Justia Corporate Compliance Opinion SummariesArticles Posted in Real Estate & Property Law
Takiguchi v. Venetian Condominiums Maintenance Corp.
Venetian Condominiums Maintenance Corporation was a condominium project with 368 condominium units in the University Town Center area of San Diego. It was a nonprofit mutual benefit corporation governed by the California Nonprofit Mutual Benefit Corporation Law. Ali Ghorbanzadeh owned 18 units at the Venetian. He was elected to Venetian’s board of directors in 2008. In 2009, Ghorbanzadeh appointed his son Sean Gorban to the board. They controlled the three-member board continuously from 2009 through at least 2021. Guy Takiguchi was elected as the third director in 2015. From 2009 to 2021, the board repeatedly failed to hold annual elections, either due to the absence of a quorum or for other reasons. Ghorbanzadeh’s seat was up for re-election at the 2020 annual meeting, and there were two other candidates for the seat, including Nishime. The Ballot Box, Inc. contracted as the Venetian's inspector of elections, declaring there was no quorum for the meeting because Ballot Box had only received 166 ballots, and the quorum was 188. Nishime participated in the January 20, 2021 meeting remotely by computer and took multiple screenshots of the participants. Nishime was able to identify eight members who were present (representing 37 units). Had those units been counted with written ballots, there would have been a quorum of 203 present at the meeting. The eight participating members who represented units for which no ballot had been submitted included Ghorbanzadeh (representing 18 units), his son Sean Gorban (representing one unit), his other son Brian Gorban (representing three units), and an ally of Ghorbanzadeh’s who was also running for the director’s seat (representing one unit). An allegation asserted Ghorbanzadeh and his allies did not submit their ballots “in a deliberate and tactical effort to not reach quorum so they could remain in power another year or two.” Venetian submitted no evidence refuting this accusation. The Court of Appeal concluded the trial court properly ordered Venetian to hold a meeting for the purpose of counting the 166 written ballots cast for its January 20, 2021 annual member meeting and election. Substantial evidence supported the trial court’s finding that there was a quorum present for that meeting. By adjourning the meeting based on the purported absence of a quorum, Venetian failed to conduct the scheduled meeting or cover the noticed agenda items, which included counting the ballots and determining the results. View "Takiguchi v. Venetian Condominiums Maintenance Corp." on Justia Law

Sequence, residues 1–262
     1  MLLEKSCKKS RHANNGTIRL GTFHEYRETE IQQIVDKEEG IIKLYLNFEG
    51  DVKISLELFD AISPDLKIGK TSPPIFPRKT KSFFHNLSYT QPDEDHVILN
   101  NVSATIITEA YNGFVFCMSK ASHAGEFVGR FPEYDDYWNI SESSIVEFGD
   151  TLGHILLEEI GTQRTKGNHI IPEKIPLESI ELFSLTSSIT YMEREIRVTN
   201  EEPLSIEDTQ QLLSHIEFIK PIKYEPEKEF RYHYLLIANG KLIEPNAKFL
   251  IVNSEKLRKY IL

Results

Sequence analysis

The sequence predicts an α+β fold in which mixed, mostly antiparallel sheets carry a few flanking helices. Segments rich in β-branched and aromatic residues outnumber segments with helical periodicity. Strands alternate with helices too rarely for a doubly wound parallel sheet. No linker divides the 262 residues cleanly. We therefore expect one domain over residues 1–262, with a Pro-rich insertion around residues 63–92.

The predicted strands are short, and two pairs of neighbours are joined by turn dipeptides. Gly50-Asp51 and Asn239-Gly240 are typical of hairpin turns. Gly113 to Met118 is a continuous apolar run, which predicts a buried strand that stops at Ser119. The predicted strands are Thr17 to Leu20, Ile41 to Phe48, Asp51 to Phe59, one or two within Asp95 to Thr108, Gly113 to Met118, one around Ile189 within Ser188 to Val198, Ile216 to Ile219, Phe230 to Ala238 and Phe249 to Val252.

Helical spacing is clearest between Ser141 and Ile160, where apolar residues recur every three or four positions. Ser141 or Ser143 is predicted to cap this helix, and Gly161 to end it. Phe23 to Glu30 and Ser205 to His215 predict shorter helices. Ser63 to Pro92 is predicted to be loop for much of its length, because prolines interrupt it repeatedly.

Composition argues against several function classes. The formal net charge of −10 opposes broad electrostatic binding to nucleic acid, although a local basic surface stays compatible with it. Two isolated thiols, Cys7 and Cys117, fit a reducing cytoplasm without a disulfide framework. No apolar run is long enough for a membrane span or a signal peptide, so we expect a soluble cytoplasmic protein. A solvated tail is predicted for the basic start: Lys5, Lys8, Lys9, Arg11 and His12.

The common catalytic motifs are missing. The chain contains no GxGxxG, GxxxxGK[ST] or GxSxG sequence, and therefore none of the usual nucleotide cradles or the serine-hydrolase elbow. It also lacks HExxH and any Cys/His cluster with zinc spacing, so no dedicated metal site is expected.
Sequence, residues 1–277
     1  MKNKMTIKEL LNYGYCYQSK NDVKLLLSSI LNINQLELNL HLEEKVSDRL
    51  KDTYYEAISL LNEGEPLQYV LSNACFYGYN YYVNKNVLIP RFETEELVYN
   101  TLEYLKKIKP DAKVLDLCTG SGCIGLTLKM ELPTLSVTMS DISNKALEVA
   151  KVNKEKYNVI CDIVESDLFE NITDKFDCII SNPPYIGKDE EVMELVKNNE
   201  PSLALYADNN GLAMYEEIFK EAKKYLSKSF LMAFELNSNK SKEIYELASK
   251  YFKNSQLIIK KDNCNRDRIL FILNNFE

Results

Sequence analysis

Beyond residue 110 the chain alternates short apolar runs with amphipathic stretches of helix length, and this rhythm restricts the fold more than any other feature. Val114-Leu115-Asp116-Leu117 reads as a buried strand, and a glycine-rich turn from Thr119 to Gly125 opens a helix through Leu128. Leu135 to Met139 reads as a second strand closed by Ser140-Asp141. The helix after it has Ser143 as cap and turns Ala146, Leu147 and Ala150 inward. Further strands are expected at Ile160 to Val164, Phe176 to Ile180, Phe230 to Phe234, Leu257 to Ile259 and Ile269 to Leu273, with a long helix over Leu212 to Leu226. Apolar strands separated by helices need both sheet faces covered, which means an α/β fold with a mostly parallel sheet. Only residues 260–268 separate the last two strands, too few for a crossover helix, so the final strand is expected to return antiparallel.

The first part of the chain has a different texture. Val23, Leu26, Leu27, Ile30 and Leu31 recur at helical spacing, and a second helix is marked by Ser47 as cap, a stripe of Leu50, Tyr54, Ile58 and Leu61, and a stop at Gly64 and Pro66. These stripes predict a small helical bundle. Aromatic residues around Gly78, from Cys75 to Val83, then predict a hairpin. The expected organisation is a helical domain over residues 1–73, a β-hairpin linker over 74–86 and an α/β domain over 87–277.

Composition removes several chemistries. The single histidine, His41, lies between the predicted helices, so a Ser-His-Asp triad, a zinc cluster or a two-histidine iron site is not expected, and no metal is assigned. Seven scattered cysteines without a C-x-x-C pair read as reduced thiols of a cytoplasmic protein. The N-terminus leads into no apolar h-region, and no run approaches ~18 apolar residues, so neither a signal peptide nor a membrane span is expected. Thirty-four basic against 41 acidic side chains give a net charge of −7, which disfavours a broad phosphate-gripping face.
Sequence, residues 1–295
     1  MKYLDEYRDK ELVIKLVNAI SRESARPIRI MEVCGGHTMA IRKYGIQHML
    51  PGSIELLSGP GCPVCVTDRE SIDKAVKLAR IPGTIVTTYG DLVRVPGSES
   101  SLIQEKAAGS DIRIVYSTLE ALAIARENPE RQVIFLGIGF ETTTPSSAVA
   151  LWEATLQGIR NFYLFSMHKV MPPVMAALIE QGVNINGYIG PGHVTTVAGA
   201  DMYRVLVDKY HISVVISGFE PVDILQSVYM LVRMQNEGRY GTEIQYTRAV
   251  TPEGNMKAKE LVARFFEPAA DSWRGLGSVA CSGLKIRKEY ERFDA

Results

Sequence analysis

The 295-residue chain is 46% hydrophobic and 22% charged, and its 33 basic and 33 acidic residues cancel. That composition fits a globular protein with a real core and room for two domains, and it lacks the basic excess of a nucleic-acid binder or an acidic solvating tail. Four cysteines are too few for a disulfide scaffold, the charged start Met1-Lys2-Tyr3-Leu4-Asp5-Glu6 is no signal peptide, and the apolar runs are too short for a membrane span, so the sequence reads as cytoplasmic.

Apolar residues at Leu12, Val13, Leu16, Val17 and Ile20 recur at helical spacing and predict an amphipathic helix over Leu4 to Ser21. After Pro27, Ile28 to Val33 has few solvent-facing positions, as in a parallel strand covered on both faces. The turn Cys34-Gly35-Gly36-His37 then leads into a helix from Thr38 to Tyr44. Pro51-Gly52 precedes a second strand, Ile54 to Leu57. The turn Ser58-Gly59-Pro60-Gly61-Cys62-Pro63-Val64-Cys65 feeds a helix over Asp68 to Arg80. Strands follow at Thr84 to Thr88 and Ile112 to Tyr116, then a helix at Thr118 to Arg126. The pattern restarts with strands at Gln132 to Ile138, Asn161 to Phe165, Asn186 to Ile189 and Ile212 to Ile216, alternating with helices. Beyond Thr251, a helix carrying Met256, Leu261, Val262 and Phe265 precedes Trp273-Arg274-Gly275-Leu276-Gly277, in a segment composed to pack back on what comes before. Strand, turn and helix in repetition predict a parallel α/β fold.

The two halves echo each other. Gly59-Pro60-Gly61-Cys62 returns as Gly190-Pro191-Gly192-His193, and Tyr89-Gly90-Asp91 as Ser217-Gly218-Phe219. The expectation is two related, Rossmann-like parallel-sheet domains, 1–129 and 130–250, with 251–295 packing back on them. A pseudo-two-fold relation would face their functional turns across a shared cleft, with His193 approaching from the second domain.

Bourhis v. Lord
Plaintiffs, including a California corporation (Corporation), filed a lawsuit for property damage against Defendants. Before trial, Defendants learned the state had suspended Corporation's corporate powers for nonpayment of taxes. A jury returned a verdict in favor of Defendants. Plaintiffs, including Corporation, appealed. On December 1, 2011, Defendants filed separate motions to dismiss Corporation's appeals because its corporate powers were still suspended. Corporation presented documentation showing its corporate powers had been revived on December 8, 2011 and argued that this revival made its appeal effective. The court of appeals denied the motions. Defendants petitioned for review. At issue was whether a corporation that files notices of appeal while its corporate powers are suspended may proceed with the appeals after those powers have been revived, even if the revival occurs after the time to appeal has expired. Relying on precedent, the Supreme Court affirmed, holding that the appeals may proceed. View "Bourhis v. Lord" on Justia Law
People v First Am. Corp.
This appeal arose out of an action commenced by the New York State Attorney General against defendants, seeking injunctive and monetary relief as well as civil penalties for violations of New York's Executive Law and Consumer Protection Act, Executive Law 63(12) and General Business Law 349, as well as the common law. The primary issue on appeal was whether federal law preempted these claims alleging fraud and violations of real estate appraisal independence rules. The court held that the Financial Institutions Reform, Recovery and Enforcement Act (FIRREA) governed the regulation of appraisal management companies and explicitly envisioned a cooperative effort between federal and state authorities to ensure that real estate appraisal reports comport with the Uniform Standards of Professional Appraisal Practice (USPAP). The court perceived no basis to conclude that the Home Owners' Loan Act (HOLA) itself or federal regulations promulgated under HOLA preempted the Attorney General from asserting both common law and statutory state law claims against defendants pursuant to its authority under Executive Law 63(12)and General Business Law 349. Thus, defendants' motion to dismiss on the grounds of federal preemption was properly denied. The court also agreed with the Appellate Division that the Attorney General had adequately pleaded a cause of action under General Business Law 349 and that the statute provided him with standing. Accordingly, the order of the Appellate Division was affirmed. View "People v First Am. Corp." on Justia Law